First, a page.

Imagine earning your education in a box. I’m talking four walls, maybe one window, a door, and a white board. Doesn’t it sound drudging? In a place so mundane, and simple, how can students be inspired or stimulated to think creatively?
Though much of education reform’s focus has been on school curriculums, policies, teachers and administration, recent in the news is talk about the importance of school environments.
In an effort to cut school building costs by 30%, education secretary Michael Gove is planning to simplify school buildings. In the new plans, curves will be banned from school architecture design, corners will be square, and ceilings will be bare and no higher than head height. Buildings will now be covered will materials no special than metal or render. Surprisingly, folding partitions that divide classrooms will now be banned. According to the Guardian, schools will shrink in size by 15%. The goal is to standardize school buildings and to design them in a way that can be replicated over and over again in a cost-effective way.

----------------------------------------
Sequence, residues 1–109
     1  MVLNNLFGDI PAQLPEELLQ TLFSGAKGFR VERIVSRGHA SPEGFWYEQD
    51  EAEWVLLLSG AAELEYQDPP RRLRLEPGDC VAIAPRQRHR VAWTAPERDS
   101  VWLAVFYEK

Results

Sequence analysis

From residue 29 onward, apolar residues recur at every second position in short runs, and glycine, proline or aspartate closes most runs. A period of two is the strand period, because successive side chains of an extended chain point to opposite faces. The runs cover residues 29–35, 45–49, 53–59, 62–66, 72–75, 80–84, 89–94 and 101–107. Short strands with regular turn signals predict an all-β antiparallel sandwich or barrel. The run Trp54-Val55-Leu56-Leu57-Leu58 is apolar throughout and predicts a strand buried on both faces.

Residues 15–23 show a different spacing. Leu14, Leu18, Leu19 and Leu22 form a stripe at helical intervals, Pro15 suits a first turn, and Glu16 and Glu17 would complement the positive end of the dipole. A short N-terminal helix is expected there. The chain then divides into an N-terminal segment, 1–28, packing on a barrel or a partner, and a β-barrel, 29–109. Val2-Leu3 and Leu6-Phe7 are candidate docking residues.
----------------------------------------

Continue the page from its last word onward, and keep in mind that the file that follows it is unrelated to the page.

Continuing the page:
Why the sudden simplification in school design? Some schools have gone above and beyond, hiring prize-winning architects to design their schools. Michael Gove is against these practices, believing schools are spending too much money in the wrong places. He claimed in the recent article, “New school building designs hit by curve ban,” that our goal isn’t to make architects richer.
Michael Gove’s new plan has met with some opposition. A study at Salfrod University found a strong correlation between the built school environment and test scores. Factors such as lighting, sound, color, circulation, and individuality have been found to affect students’ academic progress. Of coarse, correlation does not necessarily prove causation; yielding a need for further investigation.
Though simplifying school buildings will cut down on costs, the idea of standardizing our schools can be quite gruesome. There is a concern about providing children a proper learning and engaging environment. Recent efforts in changing school designs are quite contrary to what is going on overseas. In Sweden for example, the Swedish Free School Organization hired a Danish studio to design a vibrant, open school with abstract furniture.
It will be interesting to see how these two different school environments will impact children’s academic performance. Perhaps in years to come we will be swapping data with Sweden!